16 Electricity, Energy and Magnetism Example 1 a. What is the total resistance of the circuit? b. What is the total current? c. What voltage (V 1 ) would be measured across each individual resistor? c. What current is drawn out by each resistor? Example 2 The drawing seems confusing, but note that it is a parallel circuit because the electrons have a choice. At the junction (shown by the red dot) the electrons either follow the green route or the orange route. Use I 1 = 1A; I 2 = 0.5 A; R 1 = 10Ω. a. Find V 2. b. Find R 2. c. Use two methods to arrive at R T. 23

17 Example 3 In a parallel circuit, what effect does adding more resistors have on total current? Exercises 1. Find the total resistance in each case. a. 21 Ω 21 Ω 21 Ω b. 5 Ω 10 Ω 20 Ω 24

18 Electricity, Energy and Magnetism c. 100 Ω 50 Ω 100 Ω (answer: 25 Ω.) 2. Find the current passing through each resistor. a. 12 Ω 12 Ω 12 Ω 120V 25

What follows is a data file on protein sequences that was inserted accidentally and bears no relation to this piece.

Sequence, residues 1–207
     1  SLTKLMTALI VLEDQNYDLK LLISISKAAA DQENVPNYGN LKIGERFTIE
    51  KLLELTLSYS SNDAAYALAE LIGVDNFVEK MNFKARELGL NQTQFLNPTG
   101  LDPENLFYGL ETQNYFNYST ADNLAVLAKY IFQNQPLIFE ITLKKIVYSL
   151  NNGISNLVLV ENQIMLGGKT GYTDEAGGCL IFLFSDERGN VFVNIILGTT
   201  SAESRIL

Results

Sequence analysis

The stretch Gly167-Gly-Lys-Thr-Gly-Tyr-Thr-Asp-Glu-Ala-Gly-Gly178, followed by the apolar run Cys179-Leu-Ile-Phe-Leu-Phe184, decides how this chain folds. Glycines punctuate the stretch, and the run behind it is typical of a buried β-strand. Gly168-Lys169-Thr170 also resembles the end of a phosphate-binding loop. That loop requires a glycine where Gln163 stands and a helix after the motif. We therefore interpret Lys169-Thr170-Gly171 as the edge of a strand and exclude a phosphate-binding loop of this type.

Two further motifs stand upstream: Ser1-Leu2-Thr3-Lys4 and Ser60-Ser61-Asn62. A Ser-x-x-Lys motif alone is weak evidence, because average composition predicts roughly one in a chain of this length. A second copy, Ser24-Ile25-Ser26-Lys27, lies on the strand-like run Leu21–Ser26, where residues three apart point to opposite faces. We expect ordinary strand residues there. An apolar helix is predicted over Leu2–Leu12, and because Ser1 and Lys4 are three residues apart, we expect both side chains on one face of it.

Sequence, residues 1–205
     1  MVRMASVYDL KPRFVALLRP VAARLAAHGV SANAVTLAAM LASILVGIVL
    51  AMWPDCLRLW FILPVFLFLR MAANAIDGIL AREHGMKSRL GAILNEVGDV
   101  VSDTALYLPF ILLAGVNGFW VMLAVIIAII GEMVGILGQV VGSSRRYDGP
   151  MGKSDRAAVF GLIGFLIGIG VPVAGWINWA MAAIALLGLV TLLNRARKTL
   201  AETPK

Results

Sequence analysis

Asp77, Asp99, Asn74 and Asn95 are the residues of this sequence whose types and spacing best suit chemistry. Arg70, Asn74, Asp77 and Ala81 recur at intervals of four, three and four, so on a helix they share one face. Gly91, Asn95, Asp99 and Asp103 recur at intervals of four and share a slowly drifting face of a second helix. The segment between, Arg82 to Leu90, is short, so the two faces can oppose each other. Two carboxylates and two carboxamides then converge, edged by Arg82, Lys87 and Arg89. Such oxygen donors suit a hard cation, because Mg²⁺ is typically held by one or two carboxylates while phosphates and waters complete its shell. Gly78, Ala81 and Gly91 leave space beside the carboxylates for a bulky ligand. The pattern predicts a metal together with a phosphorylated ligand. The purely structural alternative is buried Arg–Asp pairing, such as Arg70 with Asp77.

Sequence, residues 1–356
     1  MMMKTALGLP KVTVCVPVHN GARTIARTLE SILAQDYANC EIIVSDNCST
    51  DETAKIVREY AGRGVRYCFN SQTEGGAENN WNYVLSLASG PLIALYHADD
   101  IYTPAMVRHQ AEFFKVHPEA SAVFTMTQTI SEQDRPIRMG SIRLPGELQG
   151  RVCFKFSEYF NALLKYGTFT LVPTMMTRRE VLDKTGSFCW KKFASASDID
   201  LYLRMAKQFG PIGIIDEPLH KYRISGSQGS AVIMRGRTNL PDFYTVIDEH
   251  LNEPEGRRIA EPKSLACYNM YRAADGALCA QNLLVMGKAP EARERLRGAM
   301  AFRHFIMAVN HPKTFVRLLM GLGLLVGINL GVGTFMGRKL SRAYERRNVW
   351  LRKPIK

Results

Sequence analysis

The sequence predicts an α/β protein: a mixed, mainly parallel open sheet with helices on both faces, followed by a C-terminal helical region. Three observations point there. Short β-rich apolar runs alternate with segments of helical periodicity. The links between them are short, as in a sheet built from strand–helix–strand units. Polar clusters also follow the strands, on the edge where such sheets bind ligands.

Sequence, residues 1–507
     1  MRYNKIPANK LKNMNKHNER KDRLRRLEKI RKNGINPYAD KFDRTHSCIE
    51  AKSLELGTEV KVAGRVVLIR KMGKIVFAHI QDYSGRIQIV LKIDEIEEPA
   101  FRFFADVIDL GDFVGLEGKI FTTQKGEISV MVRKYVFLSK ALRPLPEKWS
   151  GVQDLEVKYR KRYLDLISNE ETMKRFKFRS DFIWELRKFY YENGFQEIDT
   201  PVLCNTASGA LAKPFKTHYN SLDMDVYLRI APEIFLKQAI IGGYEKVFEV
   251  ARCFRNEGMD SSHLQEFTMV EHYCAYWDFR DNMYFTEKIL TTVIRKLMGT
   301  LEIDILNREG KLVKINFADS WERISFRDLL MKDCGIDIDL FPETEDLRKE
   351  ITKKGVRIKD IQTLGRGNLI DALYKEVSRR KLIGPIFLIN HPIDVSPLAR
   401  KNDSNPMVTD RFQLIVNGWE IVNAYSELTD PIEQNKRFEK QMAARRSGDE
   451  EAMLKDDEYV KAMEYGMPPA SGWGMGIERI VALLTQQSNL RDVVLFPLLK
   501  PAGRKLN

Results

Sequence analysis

19 b. 50 Ω 100 Ω 150 Ω 6 V 3. Find the missing reading for each meter. R 1 = 20 Ω and R 2 = 40 Ω. 12V - A 1 A 2 V 2 A 3 4. The electric circuit shown below consists of an ammeter A, a power supply, and resistors R 1 and R 2 connected in parallel. A 20 V 40 Ω R 1 40 Ω R 2 What is the current intensity (I) flowing through the ammeter? 26

20 Electricity, Energy and Magnetism 5. The following diagram shows a parallel circuit consisting of three resistors. R 1 + R 2 R 3 R = 3 W R 2 = 6 W 1 R 3 =? I 1 = 4 A I 2 = 2 A I 3 = 6 A What is the value of resistor R 3? 6. An electrical circuit consists of a power source, two switches (S 1 and S 2 ) and two light bulbs (L 1 and L 2 ). The following table shows what happens to both light bulbs: Switch Light Bulb S 1 S 2 L 1 L 2 open open out out closed open bright out Which of the following circuit diagrams illustrates the results shown in the table above? A) C) B) D) 27